Time your bitching. No point complaining about the quality of the bird while mother is warming her egg.

Greylorn

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Re: God, gods, or none of the above?

Post by marjoram_blues » Wed Apr 01, 2015 8:45 am

Lol - bitching and whining and it's all in the timing.
Carry on.

PS How long does it take to produce a pickled, hard-boiled egg?

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Re: God, gods, or none of the above?

Post by Gee » Wed Apr 01, 2015 12:29 pm

Greylorn and Immanuel;

I have been gone from this forum for a while and don't usually post in the Religion section, but your thread has drawn my interest.

After reviewing your posts, I must say that I honestly respect your positions and even see some truth in your statements, but I just can not buy the "God" or "Gods" idea and doubt that there was an Intelligent Designer. For most of my life, I accepted the idea of an Intelligent Designer because there was no other possibility that I could imagine. But philosophy is not based upon what I can imagine; it is based upon valid premises and a reasoned logical argument.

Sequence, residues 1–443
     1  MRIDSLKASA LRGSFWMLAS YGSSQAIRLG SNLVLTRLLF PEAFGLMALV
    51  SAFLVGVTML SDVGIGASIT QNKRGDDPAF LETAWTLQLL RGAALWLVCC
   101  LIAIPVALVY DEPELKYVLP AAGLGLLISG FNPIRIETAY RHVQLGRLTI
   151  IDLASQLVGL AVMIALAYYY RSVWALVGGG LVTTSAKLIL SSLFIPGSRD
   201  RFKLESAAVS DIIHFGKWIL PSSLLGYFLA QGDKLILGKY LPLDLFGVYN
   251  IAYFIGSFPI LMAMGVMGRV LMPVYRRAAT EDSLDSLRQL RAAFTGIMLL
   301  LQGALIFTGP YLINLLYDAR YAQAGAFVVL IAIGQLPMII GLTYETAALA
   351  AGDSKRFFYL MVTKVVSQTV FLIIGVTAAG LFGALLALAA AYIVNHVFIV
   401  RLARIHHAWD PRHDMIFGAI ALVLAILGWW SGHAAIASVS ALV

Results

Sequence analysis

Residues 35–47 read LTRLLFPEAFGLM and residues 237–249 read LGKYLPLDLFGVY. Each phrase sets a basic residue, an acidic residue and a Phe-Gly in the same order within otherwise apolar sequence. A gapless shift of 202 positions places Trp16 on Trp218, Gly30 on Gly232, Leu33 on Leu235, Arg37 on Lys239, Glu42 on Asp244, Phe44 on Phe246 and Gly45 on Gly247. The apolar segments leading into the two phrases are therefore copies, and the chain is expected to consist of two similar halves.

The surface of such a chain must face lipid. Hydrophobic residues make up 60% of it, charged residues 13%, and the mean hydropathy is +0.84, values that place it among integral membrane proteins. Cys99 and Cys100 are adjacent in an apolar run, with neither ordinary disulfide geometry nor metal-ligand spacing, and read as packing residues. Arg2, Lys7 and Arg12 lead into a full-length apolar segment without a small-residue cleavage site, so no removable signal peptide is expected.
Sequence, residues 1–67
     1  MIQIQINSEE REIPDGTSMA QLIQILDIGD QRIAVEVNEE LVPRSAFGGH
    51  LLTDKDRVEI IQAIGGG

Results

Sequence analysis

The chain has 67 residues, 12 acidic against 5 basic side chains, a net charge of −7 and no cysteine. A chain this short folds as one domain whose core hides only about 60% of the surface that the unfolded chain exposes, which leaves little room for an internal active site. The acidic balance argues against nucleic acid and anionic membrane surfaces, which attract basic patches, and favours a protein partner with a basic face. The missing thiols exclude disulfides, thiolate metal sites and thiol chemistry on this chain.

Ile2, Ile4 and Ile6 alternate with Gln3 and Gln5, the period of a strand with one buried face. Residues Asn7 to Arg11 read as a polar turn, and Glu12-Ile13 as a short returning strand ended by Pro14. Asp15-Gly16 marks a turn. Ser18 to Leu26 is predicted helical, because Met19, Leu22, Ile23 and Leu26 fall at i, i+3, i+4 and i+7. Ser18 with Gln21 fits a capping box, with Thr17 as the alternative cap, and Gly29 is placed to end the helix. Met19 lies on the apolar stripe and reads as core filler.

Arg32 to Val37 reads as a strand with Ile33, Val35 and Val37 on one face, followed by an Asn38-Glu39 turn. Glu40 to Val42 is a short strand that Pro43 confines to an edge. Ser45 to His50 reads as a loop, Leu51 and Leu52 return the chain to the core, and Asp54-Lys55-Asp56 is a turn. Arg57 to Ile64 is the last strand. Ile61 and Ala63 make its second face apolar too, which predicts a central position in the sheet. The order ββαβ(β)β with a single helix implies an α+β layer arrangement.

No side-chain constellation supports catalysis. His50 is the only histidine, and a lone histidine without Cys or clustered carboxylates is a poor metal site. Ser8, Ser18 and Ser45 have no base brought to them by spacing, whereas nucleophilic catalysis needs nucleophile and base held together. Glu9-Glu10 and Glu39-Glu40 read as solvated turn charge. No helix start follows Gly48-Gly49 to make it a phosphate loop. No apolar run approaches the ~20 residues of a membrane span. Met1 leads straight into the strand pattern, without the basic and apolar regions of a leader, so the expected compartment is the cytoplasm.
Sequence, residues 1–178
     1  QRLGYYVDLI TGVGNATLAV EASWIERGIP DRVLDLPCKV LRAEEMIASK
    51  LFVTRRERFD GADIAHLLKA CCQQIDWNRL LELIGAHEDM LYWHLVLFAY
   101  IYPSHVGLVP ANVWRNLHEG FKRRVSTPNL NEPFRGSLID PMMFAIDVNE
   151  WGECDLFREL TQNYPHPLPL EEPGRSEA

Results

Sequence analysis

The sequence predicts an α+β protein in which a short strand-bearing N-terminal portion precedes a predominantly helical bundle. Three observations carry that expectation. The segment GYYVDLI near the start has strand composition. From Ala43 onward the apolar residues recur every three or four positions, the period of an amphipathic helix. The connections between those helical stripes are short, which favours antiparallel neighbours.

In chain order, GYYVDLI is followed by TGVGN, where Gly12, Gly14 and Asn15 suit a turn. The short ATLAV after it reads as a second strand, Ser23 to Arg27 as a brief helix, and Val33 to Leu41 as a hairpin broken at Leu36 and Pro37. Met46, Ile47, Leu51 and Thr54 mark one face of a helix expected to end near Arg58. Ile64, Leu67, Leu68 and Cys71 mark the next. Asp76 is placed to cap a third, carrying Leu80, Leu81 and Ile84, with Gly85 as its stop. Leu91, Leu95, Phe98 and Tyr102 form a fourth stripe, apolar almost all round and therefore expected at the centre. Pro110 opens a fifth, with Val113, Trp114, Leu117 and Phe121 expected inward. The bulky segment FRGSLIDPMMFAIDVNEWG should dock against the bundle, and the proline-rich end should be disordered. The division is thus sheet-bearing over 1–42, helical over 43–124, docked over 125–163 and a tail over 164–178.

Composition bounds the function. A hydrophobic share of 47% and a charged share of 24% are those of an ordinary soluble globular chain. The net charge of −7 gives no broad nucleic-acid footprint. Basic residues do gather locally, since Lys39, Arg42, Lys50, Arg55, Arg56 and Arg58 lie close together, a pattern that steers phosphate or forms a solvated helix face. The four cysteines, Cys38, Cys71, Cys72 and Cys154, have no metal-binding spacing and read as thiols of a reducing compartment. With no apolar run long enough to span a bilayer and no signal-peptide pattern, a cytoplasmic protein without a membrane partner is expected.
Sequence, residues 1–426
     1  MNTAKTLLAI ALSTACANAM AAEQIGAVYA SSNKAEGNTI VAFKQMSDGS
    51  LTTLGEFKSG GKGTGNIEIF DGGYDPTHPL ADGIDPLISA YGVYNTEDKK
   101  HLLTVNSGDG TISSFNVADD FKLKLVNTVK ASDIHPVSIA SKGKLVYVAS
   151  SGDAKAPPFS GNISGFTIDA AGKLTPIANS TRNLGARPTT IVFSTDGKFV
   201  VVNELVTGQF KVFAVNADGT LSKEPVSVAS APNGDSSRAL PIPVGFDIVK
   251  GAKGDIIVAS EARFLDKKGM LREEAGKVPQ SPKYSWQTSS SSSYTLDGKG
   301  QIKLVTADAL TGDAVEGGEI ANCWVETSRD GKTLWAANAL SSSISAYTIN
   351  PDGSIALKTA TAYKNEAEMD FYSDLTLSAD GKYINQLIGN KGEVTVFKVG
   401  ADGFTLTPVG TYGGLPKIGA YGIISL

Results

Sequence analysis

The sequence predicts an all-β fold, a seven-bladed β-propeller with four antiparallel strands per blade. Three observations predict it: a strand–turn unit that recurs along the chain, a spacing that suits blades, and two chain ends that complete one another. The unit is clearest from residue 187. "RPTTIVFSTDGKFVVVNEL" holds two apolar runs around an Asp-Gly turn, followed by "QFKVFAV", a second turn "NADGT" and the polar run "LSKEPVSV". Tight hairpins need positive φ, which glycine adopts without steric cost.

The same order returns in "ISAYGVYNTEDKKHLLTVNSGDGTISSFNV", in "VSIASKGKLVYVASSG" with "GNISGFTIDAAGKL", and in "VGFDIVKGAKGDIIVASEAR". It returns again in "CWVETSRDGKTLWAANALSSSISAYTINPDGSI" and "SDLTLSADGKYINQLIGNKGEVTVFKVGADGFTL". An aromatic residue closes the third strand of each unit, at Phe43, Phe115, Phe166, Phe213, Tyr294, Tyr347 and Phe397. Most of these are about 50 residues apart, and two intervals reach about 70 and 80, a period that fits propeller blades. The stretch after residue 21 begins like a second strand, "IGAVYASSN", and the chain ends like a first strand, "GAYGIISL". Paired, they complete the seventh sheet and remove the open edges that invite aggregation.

I can find no evidence of any beings that could be a "God" or "Gods" that existed prior to the Big Bang, and no logical argument to support the reasoning that great intelligence would exist, then go dormant for billions of years, in order to reassert itself in the form of humans. We do have evidence that humans evolved from less intelligent species, so I can accept that intelligence evolves, I just can not see where it would be, then not be, then appear again. This looks like a game of Peek-a-Boo.